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Security Education Companion
A free resource for digital security educators
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Locking Down Social Media

Last modified July 6, 2018
Duration: 1 hour

Learning Objectives

Learners will:

  • Be able to identify what information they want to protect on social media and who they want to protect it from.

  • Know the various ways that commonly used social media platforms describe important privacy settings (privacy, security, or safety settings).

  • Abstractly explain the kind of changes they need to protect that information.

  • Be able to explain why they may want to keep accounts on different platforms separate.

Ratio

Instructor: Learners
1:5 (One instructor to five students)

A ratio of at least 1 trainer to 5 learners is ideal. While this module does not necessarily involve installing tools, it does involve a lot of individual questions and individual threat modeling considerations. Consider splitting learners into groups based on similar concerns or situations.

Lesson Content

Ice Breaker

“Raise your hand if you’ve used a social media platform once today. How about twice? How about three times?” Hopefully this will generate some laughs and drive home the point that it’s normal for social media platforms to be essential to people’s daily lives.

Warmup

Have participants split into pairs or small groups and talk about their favorite use of social media. Examples could include: sharing pictures, organizing events, staying in touch with long-distance family and friends, participating in online communities, spreading their art/work/activism, etc.

Knowledge Share

Learning about so many different platforms with so many different settings can overwhelm your learners (and you!). Before diving into the nitty-gritty of settings tutorials and questions, be sure to go over more general concepts that apply regardless of platform or settings. This might include:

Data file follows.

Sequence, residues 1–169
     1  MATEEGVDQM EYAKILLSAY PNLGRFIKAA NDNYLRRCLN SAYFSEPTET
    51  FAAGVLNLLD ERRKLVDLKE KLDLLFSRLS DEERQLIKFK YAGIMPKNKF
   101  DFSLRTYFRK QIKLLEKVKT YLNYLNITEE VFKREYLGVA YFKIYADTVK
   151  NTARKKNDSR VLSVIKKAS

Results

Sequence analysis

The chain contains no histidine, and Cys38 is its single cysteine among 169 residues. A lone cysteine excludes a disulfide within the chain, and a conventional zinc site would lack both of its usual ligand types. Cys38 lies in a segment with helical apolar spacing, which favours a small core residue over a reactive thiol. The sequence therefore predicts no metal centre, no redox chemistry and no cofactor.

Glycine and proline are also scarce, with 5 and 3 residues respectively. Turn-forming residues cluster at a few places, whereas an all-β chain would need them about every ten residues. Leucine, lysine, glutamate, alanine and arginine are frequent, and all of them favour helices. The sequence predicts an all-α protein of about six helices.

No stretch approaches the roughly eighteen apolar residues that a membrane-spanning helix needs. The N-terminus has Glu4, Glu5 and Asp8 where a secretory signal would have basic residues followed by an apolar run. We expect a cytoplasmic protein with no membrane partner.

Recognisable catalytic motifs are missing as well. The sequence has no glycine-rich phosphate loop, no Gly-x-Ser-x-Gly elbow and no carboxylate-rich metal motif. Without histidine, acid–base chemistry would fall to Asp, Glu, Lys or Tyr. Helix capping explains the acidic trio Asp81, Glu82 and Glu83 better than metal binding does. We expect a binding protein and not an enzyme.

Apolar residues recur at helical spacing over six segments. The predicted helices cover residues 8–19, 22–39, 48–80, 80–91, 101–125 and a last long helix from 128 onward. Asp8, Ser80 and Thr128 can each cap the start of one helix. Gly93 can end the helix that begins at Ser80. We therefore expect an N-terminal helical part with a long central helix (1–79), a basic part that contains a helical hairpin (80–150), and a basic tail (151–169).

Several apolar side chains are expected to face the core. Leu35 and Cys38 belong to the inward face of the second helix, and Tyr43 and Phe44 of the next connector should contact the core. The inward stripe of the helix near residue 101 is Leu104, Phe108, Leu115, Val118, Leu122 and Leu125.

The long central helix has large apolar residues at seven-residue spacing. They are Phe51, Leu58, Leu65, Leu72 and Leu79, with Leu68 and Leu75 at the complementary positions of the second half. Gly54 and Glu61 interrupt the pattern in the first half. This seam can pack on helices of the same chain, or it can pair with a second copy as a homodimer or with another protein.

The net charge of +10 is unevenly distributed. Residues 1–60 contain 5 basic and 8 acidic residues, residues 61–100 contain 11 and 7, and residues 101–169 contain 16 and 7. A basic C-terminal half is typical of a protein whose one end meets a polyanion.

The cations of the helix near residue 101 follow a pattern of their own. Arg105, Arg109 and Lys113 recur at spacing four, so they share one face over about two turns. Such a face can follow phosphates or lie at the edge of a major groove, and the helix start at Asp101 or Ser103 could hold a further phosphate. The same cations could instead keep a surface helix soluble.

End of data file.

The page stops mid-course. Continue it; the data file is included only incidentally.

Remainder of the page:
What is personally Identifying Information (PII)?
PII, sometimes called “Sensitive Personal Information” or “Potentially Identifying Information,” is information that can be used to identify a person. It might be combined with other information to figure out someone’s location, to contact them, or to gather additional information about their life. Lots of companies collect this information for many purposes, including advertising, medical documentation, or billing. While it is difficult to control the information and data that companies collect on someone, learners can take control of the information they put out into the world on social media.

"Don’t blame yourself."
Sometimes, learners can feel ashamed or embarrassed when they take the first step of identifying what they want to protect on social media. They may feel like it’s their fault, that they should have been more careful, or that they made mistakes when sharing information. As a trainer, you can reassure them that it’s not their fault. You might say something like, “I don’t want you to blame yourself for what big tech companies and social media platforms have done to your privacy.” Instead, you can help them focus on small but powerful actions they can take to reclaim their privacy.

Security and privacy “check-ups”